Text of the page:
In this chapter, the LORD designates Aaron as the high priest and describes the garments of the priestly ministry.
In my mind, the biggest implication of this chapter is with respect to the "kingdom of priests" that the LORD promised back in Ex 19. If Israel is supposed to be (or become) a kingdom of priests, they why are Aaron and his sons selected "from among the sons of Israel, to minister as priest[s]"? I think this is an important question, and I think the answer is also partially revealed by the elaborate structure that is being built to contain the ark of the covenant. That is, it is increasingly clear that access to the LORD is going to be mediated by some process that will exclude the majority of Israelites. As I defined priesthood before, it is the act of "mediating between man and God", generally for the purpose of interceding for mercy, favor or specific blessings. In general, it is the establishment of a direct relationship between the priest and God in the context of priestly ministry, cf. Adam's relationship with the LORD in Gen 2 and 3.
Since Aaron is established as priest, we can reasonably surmise that he will intermediate between the Hebrew people and the LORD, in a similar way to Moses. I previously stated that Moses is acting as a prophet, while Aaron shall act as a priest. These are two different modalities, with the priest primarily focused on intercession and mercy, while the prophet is focused more on divine direction and relating the words of the LORD. More vaguely, you can imagine the priest as being the "up-channel", speaking from the people to God, while the prophet is the "down-channel", speaking from God to the people, although these are general principles that will have exceptions (for instance, Moses relates the words of the people to God in Ex 19:8).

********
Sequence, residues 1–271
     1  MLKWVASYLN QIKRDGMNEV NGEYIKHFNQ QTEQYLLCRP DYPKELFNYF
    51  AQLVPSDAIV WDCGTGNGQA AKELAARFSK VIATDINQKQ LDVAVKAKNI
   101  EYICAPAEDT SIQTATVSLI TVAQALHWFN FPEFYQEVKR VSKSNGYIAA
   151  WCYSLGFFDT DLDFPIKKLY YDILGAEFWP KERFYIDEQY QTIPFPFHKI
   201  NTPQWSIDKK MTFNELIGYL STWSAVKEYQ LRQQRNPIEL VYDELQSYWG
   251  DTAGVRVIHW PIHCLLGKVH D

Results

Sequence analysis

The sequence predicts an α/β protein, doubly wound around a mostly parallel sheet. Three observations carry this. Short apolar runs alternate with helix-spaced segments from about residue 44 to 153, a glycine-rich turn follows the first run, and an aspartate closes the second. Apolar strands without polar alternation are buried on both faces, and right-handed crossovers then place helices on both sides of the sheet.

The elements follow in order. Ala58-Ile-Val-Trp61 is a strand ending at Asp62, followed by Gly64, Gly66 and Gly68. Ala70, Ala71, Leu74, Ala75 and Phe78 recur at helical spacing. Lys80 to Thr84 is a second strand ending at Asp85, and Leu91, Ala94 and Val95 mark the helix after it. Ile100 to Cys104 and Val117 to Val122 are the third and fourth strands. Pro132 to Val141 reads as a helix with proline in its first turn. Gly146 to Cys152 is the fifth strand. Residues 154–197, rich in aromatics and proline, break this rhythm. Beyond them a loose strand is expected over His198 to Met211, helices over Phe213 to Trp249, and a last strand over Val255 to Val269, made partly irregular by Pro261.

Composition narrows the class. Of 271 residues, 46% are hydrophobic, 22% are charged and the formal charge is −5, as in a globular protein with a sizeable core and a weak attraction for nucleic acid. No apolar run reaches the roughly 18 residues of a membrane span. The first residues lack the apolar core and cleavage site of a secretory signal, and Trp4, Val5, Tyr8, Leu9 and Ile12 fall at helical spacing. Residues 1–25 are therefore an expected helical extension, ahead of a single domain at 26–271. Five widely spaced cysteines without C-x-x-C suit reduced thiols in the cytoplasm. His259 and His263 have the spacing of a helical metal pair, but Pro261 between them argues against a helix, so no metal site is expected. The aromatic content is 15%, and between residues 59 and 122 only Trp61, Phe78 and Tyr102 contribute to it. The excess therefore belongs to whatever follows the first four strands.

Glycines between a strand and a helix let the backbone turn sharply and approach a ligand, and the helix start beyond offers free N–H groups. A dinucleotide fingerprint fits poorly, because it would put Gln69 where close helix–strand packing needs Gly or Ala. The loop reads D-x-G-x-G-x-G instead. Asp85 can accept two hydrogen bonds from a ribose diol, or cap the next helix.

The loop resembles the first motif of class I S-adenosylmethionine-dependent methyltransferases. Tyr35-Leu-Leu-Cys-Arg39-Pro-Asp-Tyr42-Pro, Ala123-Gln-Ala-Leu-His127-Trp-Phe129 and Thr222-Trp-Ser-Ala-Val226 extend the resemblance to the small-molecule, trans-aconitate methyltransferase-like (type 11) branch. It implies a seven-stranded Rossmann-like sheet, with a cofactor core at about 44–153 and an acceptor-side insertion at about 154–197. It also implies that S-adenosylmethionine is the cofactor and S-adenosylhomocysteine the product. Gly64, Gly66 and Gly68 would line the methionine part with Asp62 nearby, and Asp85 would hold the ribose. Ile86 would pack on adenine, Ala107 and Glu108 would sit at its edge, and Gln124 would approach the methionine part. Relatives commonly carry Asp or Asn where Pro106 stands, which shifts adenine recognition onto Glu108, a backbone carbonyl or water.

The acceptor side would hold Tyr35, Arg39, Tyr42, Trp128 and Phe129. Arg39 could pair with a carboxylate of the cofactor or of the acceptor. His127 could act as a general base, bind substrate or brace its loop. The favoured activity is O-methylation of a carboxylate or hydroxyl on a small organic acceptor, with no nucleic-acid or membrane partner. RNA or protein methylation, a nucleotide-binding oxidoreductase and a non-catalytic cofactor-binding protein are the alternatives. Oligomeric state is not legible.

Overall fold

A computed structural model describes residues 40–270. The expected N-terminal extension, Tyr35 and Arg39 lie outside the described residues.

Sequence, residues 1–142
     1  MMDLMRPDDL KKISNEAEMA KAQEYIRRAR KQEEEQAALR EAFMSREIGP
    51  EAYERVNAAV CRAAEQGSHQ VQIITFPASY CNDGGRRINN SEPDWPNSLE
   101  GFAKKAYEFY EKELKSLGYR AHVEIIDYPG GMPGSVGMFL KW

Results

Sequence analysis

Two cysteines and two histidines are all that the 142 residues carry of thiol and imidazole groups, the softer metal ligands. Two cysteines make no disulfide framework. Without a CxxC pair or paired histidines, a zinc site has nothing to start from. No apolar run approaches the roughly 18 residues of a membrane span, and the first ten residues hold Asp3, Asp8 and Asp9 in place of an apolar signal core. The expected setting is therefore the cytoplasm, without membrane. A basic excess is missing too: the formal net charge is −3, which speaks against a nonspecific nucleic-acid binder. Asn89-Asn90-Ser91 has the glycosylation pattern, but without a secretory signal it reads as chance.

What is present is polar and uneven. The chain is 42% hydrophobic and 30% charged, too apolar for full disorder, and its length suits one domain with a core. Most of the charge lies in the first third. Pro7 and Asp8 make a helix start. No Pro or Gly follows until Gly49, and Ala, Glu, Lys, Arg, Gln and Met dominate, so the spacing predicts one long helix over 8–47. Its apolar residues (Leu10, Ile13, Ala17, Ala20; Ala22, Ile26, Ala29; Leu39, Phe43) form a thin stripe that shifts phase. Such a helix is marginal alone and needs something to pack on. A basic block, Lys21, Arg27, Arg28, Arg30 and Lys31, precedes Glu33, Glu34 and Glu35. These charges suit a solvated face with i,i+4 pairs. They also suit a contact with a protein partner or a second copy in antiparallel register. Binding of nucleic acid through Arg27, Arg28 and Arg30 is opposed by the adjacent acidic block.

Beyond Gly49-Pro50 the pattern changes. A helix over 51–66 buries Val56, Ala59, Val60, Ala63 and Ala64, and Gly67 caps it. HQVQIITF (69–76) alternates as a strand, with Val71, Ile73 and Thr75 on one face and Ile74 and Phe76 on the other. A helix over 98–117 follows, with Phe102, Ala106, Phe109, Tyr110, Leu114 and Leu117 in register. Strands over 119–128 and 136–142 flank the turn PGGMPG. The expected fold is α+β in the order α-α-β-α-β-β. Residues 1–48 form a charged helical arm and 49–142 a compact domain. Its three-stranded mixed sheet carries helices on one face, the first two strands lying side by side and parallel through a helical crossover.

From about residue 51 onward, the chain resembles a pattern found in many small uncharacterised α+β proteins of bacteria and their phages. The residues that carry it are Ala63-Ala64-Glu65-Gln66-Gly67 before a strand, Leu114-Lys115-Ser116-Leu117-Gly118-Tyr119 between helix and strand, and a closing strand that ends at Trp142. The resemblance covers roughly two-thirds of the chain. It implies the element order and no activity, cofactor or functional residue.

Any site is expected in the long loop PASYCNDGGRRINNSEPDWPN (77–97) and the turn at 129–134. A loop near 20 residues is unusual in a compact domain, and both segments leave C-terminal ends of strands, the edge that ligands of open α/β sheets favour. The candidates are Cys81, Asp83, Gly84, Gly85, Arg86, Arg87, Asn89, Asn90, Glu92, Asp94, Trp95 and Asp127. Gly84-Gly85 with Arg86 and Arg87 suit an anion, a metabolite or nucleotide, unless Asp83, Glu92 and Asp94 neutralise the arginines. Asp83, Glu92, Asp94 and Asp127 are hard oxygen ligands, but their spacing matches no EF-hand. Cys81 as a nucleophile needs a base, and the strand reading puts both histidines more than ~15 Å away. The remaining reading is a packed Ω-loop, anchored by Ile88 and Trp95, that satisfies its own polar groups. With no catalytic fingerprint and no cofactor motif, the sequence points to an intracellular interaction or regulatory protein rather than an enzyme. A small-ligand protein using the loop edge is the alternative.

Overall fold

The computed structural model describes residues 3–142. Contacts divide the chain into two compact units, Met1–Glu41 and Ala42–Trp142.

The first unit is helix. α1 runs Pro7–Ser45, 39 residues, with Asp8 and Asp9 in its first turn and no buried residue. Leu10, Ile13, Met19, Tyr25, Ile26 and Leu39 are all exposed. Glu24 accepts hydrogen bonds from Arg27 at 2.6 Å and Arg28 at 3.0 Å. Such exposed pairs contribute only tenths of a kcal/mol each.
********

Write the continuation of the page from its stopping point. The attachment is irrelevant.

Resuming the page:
The priestly intermediation does not seem like a proper aspect of the Abrahamic Covenant, where Abraham (the holder of the covenant) related with God directly and had no priestly intermediary. That is why I believe that the priestly intermediary is perhaps best viewed as a temporary institution until the people come into the fullness of Ex 19:6, although on this point I admit that I do not currently have textual support. It just strikes me as contrary to the precedent set in Genesis that the holders of the covenant would not directly relate with God like Moses or Aaron are authorized to do. Verse 43 also establishes the priesthood of Aaron and his sons as a "statute forever", which expresses a permanence, but I believe that this statute, like the rest of the Mosaic Covenant, is conditional on the Hebrew's obedience to the LORD (Ex 19:5, "if you will indeed obey my voice and keep my covenant..."). This is a point that is debated by some factions within Christianity, but in my opinion it is pretty clear that the covenant is conditional on Hebrew obedience.
The next overall theme I want to mention is the increasing complexity of the covenant and the Hebrew faith. Establishing a set of moral laws and a few festivals is one thing, but now we're seeing a tremendous amount of highly detailed clothing which is mandated for the priest: the breastpiece, ephod, robe, tunic, turban and sash, each with its own particular design and significance. Contrast this with Abraham, and we were never even told what Abraham was wearing, while now the high priest Aaron has this whole regalia that he must wear "so that he will not die" (v. 35) and "so that they do not incur guilt and die" (v. 43). This is incredibly severe, although it's generally within keeping of the patriarch's expectations (consider Gen 16:13, Gen 32:30, possibly others). In some sense, given the patriarchs' expectation of death upon seeing God, the freedom of Genesis might be the exception and the restraint of Exodus be the rule. The patriarchs of Genesis certainly didn't expect to see God and live, and yet I feel that exception (seeing God yet living) is what lies at the heart of the Abrahamic Covenant, because as I have already demonstrated, the Abrahamic Covenant is chiefly portrayed as a reversal of the curse of Adam. To wit, how can someone die when seeing God if they dwell in the garden of Eden, a land of communion between man and God?